As a rule, most Congressional hearings don’t draw a crowd. This is particularly true when the issue under consideration is esoteric or exceedingly technical, designations applicable to yesterday’s Subcommittee on Highways and Transit hearing on environmental and labor standards in the port trucking industry. (“Sounds boring,” a friend of mine yawned as I explained my morning plans.)
But this hearing was packed. In fact, the committee’s chambers were so full that they had to open an overflow room upstairs—which also filled up rapidly—where the interested could watch the proceedings on large, flatscreen televisions. For the next three hours and fifteen minutes we watched Democratic lawmakers pummel the trucking industry’s witnesses as the overflow crowd cheered. (Few Republicans bothered to show up for the hearing, and those who did made inane points and then vanished for long periods of time.)
By the end of the hearing it was clear that the issue, specifically the plight of drivers stuck in an abusive labor market, had struck a chord with the subcommittee.
“This system has to get better,” Chairman Peter DeFazio (D-WA) said at the hearing's end. “[I’ll speak with] Chairman [George] Miller (D-CA) at Education and Labor Committee [about] putting our two investigation and oversight staffs together to delve into these questions more… but I really believe this is not the last time this committee will be dealing with this issue.” Earlier in the hearing DeFazio mentioned the possibility of using the committee’s subpoena power to sort out the conflicting claims of the trucking industry and the drivers, who are backed by environmental and labor groups.
More after the jump.
The 2008 Port of LA’s Clean Trucks Program was the center of attention. The plan has successfully reduced toxic emissions by almost 80 percent, by banning the oldest, dirtiest trucks from admittance to the Port and bringing in newer, more environmentally friendly models. But under the current port trucking system, low-income drivers classified as “independent contractors” would have to shoulder the costs of the environmental upgrades’, putting them under an even heavier burden. (As “independent contractors” the drivers have to devote more than half their income to expenses, they receive no benefits from their employers, they are ineligible for unemployment benefits, and unable to organize a union.)
But the progressive LA plan ameliorated the drivers’ financial straits by requiring trucking companies to enter into concession contracts with the port, which make them responsible for the management and upkeep of the vehicles, and eventually their drivers too. (The plan would have required companies to phase their drivers in as full-time employees.)
But LA port’s plan came under attack from the American Trucking Assocation. The ATA’s lawsuit evoked an obscure federal law that forbids local governments, including ports, from interfering with trucks under their purview. The lawsuit only targeted the company ownership and employee requirements, leaving the ban on old, dirty trucks in place. As a result, companies that had entered into concessionary agreements, turned around and canceled their drivers’ employee status and forced them to lease the new clean trucks, further harnessing them to the companies while putting the cost of maintenance, gas, etc. back on the drivers, and erasing their benefits.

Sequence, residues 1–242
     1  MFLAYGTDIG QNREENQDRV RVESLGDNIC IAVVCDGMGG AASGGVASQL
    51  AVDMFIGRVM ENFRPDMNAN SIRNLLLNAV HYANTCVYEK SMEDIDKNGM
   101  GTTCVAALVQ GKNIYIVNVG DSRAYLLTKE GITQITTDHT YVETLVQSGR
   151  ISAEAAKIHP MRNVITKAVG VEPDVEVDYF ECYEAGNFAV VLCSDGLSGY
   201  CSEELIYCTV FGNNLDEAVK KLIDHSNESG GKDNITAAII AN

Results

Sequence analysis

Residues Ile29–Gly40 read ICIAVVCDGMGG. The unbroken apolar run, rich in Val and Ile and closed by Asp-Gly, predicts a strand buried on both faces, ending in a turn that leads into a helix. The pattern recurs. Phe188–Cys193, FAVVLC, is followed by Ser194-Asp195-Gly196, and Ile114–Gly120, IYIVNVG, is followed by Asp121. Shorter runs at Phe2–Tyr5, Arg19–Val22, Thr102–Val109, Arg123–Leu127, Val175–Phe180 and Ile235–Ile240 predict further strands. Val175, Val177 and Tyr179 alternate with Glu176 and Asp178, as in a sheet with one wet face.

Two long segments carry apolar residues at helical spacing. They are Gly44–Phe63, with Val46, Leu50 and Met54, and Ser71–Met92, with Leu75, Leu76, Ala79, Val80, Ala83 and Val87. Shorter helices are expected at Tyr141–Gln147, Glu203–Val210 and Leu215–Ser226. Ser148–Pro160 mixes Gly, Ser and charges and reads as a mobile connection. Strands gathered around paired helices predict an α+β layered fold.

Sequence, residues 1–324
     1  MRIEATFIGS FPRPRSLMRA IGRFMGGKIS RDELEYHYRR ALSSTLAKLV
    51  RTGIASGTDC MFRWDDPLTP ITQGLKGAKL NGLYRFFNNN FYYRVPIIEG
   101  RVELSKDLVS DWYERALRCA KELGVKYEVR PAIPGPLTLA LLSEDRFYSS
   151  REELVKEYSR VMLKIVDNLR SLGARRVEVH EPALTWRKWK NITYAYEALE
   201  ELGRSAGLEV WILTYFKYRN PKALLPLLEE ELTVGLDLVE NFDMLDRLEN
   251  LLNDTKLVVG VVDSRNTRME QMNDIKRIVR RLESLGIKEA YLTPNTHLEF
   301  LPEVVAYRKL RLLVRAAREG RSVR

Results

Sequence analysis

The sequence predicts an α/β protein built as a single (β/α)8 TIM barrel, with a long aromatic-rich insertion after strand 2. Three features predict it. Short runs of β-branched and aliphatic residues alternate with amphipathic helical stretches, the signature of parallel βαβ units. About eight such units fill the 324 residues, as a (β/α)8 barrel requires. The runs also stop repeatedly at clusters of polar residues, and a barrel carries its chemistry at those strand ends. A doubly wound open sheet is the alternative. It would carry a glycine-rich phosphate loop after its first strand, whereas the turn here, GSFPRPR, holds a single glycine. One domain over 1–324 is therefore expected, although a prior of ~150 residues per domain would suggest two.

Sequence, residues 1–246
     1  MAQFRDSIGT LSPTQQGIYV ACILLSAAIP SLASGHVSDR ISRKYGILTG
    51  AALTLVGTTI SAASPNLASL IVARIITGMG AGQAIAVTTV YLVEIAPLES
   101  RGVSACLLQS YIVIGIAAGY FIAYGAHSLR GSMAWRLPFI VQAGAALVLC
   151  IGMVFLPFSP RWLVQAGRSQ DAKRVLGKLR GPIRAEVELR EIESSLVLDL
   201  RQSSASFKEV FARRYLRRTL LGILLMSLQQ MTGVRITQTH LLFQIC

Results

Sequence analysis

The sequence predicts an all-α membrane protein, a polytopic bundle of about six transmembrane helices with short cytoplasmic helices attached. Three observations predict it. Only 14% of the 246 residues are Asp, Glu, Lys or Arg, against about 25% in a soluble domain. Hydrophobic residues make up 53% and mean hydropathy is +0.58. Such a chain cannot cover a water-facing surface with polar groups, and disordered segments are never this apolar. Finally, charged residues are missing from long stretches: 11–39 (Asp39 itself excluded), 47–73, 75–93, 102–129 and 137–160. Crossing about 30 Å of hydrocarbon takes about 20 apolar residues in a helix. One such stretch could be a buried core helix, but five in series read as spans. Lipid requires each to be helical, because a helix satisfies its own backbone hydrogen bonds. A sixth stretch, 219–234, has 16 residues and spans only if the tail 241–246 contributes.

After hearing three hours of debate over the above issues, Jerrold Nadler (D-NY) went on the offensive against the industry witnesses.
Nadler: “The majority of leases prevent the driver from working for more than one company, is that true?”
[The ATA’s Representative]: “It is true.”
Nadler: “If that is true, isn’t this serfdom? You are an independent operator but you can only work for one company? How are you in any sense an independent operator?”
ATA: “...You could break the lease and you could go work for another company.”
[After more back and forth, a trucker witness testified that in many instances if a driver breaks the lease, they lose the truck.]
Nadler: “If it is true that if you break the lease, you lose the truck then all of this becomes completely coercive, would it not be?”
ATA: “Under the strict terms of your question?”
Nadler: “It isn’t a strict term, its either true or its not true. We heard testimony from the driver…that under many of these agreements if you break the lease, you lose the truck. Which means you can’t break the lease. Which means you have to show up when you are asked to show up, carry what [they tell you], and under whatever terms, which means, under the normal English language, maybe not under some provision of federal law that ought to be changed, you aren’t an independent contractor.”
In the next couple weeks, Nadler is expected introduce legislation that would give all ports the ability to regulate the industry and allow LA port to circumvent the ATA’s lawsuit. Every Democrat on the subcommittee that spoke seemed to support the truckers. (Congressmen McDermott and Inslee signed a letter in support, although they do not sit on the committee, along with dozens of other House Dems.) If Nadler's legislation passes, then all of the nation's ports, including the Port of Seattle, will be able to adopt a progressive Clean Trucks Program akin to the LA model. And don't we all like environmental policy better when it isn't built on the backs of workers?